The rainy skies cleared just in time for the March 21 ceremony as Gen. Michael X. Garrett assumed command of U.S. Army Forces Command at Fort Bragg’s Main Post Flag Pole.
FORSCOM is the largest command in the U.S. Army with almost 750,000 Soldiers and serves as the Army’s force provider to combatant commanders worldwide. Forces Command trains, mobilizes, deploys, sustains, transforms and reconstitutes conventional forces, providing relevant and ready land power in defense of the nation, both at home and abroad.
Garrett, who is returning to Fort Bragg for the third time in his military career, said it is good to be back in North Carolina and he looks forward to leading FORSCOM into the future.
“My last two positions were at CENTCOM and U.S. Army Central, so I have spent the last six years as an end-user of FORSCOM Soldiers and units,” he said. “Those Soldiers, those units have universally been well-trained, well-equipped and well-led. So, I know first-hand the great work that FORSCOM does every day.”
Army Chief of Staff Mark A. Milley passed the FORSCOM colors to Garrett during the assumption of command ceremony and praised Garrett’s competence, leadership and his character during his remarks.
“Mike, you’re the right officer to lead Forces Command and we expect that you’re going to lead it with distinction, as you have in every single job you’ve ever done in our Army,” Milley said. “You’re leading the most important command of our Army. The organizations you’ve lead in the past have always excelled and we expect no less from you in this assignment.”
Both Milley and Garrett thanked Lt. Gen. Laura Richardson for her leadership as the acting commanding general of FORSCOM since October 2018 — all while continuing to maintain her duties as the deputy commanding general.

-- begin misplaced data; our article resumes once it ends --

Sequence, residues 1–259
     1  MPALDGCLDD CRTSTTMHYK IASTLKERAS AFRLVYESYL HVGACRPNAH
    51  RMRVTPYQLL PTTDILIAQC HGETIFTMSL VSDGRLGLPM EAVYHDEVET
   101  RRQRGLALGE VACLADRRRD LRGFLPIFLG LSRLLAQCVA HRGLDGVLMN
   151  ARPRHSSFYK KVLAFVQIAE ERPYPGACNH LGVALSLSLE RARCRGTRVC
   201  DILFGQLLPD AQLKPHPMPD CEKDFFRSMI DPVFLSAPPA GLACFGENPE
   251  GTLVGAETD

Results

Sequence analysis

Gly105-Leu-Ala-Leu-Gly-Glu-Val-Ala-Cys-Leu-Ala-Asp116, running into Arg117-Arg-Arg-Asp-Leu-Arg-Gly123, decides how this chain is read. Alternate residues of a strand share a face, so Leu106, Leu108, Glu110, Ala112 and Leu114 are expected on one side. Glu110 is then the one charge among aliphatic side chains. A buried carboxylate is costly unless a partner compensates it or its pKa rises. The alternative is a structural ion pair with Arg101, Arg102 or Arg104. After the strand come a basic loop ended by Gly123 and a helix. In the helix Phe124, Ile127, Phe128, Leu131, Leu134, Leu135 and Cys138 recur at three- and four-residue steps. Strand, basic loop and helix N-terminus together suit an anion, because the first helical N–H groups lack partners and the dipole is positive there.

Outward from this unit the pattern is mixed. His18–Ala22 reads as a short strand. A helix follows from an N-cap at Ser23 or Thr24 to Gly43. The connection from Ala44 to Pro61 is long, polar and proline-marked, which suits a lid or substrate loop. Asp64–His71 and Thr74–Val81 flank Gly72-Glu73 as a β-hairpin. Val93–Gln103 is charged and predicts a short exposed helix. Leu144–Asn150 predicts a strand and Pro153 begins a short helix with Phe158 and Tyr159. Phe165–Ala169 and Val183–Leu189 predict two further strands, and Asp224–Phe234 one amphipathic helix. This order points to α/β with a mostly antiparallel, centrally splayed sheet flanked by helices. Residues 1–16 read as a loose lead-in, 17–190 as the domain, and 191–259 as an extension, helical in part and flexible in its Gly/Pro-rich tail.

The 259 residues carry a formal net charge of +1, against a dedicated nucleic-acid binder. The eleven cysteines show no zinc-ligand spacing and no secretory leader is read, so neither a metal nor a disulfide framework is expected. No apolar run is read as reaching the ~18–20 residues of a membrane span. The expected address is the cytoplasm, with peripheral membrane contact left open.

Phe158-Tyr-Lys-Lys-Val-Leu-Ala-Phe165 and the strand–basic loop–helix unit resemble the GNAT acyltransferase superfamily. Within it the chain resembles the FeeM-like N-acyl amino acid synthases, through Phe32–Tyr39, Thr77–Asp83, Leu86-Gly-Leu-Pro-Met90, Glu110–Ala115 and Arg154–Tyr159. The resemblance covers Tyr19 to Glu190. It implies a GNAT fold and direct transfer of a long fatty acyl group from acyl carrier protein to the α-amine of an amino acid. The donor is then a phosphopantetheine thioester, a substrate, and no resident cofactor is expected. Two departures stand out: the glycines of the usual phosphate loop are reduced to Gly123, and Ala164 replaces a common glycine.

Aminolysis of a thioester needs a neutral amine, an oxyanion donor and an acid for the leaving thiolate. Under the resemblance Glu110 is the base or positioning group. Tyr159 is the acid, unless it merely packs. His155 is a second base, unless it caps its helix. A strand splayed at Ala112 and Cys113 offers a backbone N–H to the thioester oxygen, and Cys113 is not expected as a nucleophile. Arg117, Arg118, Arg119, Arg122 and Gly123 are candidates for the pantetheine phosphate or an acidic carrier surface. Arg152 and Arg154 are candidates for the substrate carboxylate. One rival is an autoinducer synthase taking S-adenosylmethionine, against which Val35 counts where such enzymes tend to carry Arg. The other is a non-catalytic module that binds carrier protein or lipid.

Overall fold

“Although it’s Mike Garrett’s day, I want to recognize and thank Lt. Gen. Laura Richardson,” Milley said. “For the last six months, Laura’s been leading Forces Command … she has done an incredible job leading our nation’s greatest command. She has absolutely been superb.”
Garrett received his fourth star in a promotion ceremony preceeding the assumption of command. He credited his father, who received the Silver Star for his actions in Vietnam, for setting the example of what a leader was supposed to be. He said that, like most sons, he has spent his life trying to live up to his father’s expectations.
“I am the son of great parents,” said Garrett. “My dad, Ed Garrett, was a Soldier; a command sergeant major in the United States Army. As I take command today, I am reminded of our time in the 24th Infantry Division when I was a second lieutenant and he was my division command sergeant major. He outranked me then and today, even with this promotion, he outranks me.”
He said that, to him, leadership is very personal.
“What I promise you is my very best effort every day and that is all that I ask of each of you in return,” said Garrett. “Together there is nothing that we cannot do.”